Intraoperative analysis of frozen tissue samples has been used to diagnose periprosthetic joint infection in revision total knee arthroplasty, but the precision and reliability of this test throughout staged revision arthroplasty have not been well characterized. We undertook this study to determine the rate of discrepancy between frozen and permanent histopathologic samples in the diagnosis of periprosthetic infection at both the index total knee arthroplasty revision procedure and the attempted reimplantation.Methods:
Seventy-six patients who underwent staged revision of a total knee arthroplasty for apparent infection had samples for frozen and permanent sections obtained at both the index revision procedure and subsequent reimplantation attempts. We investigated the rate of discrepancy between these frozen and permanent sections. The clinical and radiographic outcomes of patients with and without concordance between the frozen and permanent sections were reviewed.Results:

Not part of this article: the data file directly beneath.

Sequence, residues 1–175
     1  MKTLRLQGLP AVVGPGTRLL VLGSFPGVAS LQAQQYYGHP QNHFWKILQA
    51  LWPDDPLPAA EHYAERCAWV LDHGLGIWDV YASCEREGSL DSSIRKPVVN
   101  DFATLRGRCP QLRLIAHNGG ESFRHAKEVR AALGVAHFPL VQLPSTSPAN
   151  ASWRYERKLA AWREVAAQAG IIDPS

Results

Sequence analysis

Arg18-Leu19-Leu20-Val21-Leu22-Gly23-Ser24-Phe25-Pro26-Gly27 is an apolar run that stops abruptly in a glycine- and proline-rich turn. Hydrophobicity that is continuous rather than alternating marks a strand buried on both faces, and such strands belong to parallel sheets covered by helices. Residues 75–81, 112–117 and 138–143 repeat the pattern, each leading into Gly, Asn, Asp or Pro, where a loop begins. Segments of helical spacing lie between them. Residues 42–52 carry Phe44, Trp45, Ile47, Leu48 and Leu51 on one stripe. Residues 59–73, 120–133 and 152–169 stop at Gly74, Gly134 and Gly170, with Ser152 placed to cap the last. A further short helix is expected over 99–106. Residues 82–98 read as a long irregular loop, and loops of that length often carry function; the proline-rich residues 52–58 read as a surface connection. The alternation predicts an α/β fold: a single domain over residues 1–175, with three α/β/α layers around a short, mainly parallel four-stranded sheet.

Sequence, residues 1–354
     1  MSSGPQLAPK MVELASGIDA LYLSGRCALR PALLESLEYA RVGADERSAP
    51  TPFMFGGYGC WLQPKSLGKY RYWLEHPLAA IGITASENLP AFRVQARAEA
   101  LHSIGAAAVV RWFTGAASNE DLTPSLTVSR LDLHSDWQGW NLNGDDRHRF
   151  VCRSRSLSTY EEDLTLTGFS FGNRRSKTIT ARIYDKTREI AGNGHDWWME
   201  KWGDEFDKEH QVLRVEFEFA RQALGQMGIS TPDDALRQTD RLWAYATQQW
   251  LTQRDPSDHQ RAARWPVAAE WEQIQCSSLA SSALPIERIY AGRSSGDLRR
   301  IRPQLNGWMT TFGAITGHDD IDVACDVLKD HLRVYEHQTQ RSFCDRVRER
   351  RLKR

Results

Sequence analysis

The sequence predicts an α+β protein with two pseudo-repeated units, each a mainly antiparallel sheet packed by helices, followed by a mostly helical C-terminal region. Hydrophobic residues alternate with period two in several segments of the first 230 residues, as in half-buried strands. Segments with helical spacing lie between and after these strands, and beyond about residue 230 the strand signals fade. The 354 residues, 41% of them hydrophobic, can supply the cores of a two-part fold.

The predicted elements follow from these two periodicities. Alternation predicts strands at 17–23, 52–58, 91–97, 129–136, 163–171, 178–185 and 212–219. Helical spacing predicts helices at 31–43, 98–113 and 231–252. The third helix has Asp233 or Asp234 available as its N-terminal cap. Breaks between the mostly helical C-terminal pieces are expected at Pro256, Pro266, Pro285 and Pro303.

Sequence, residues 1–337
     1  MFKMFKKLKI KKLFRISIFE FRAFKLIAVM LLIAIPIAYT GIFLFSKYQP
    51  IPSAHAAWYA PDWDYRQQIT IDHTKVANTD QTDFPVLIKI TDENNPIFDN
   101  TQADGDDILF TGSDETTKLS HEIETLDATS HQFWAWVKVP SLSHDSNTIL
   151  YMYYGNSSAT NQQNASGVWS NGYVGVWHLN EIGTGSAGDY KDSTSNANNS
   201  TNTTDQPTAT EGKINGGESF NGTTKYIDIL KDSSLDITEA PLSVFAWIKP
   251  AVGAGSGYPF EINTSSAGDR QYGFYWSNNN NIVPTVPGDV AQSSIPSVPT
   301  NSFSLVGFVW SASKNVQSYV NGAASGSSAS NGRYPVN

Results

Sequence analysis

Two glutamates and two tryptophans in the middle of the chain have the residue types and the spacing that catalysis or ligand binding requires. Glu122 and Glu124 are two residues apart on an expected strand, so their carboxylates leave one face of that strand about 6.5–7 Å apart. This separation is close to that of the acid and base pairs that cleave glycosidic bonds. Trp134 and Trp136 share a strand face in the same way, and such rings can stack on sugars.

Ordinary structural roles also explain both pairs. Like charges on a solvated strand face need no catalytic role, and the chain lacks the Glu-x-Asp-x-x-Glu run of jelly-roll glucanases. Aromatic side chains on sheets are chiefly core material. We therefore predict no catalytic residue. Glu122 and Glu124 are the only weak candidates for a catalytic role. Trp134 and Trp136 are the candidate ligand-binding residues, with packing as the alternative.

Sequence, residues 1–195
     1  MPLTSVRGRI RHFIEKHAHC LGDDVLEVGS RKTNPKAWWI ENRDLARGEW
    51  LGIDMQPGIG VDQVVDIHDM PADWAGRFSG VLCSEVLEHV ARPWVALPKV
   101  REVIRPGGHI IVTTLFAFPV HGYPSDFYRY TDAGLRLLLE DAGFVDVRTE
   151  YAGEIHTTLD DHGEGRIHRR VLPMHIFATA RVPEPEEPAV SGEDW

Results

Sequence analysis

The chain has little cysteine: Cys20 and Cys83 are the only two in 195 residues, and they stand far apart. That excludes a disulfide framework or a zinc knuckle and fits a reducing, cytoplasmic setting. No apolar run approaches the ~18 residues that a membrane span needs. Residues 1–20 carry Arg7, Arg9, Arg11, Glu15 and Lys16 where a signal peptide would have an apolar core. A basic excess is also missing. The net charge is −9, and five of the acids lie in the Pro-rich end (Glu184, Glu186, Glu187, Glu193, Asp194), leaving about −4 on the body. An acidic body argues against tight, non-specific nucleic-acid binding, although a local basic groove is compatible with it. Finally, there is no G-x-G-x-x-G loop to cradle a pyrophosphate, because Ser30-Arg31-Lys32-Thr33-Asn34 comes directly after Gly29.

Concordance was noted between 297 (97.7%) of the 304 frozen sections and the permanent sections. Seven discrepancies between diagnoses based on frozen and permanent sections were noted; however, additional samples in these patients were positive and management was not affected. Fewer discrepancies were found during the initial revision procedure (one of 92, 1%) compared with reimplantation (six of 212, 3%). The mean time to reimplantation was similar between patients with and without a discrepancy in diagnosis between the frozen and permanent sections (185 compared with 157 days). The rate of discrepancy between frozen and permanent histopathologic sections was low, and no discrepancy affected the final outcome of any patient.Conclusions:
The rate of discrepancy between frozen and permanent histopathologic samples was low for both index revision and reimplantation procedures. In rare instances of discrepancy, management should be unaffected provided a sufficient number of samples were collected.Level of Evidence:
Diagnostic Level IV. See Instructions for Authors for a complete description of levels of evidence.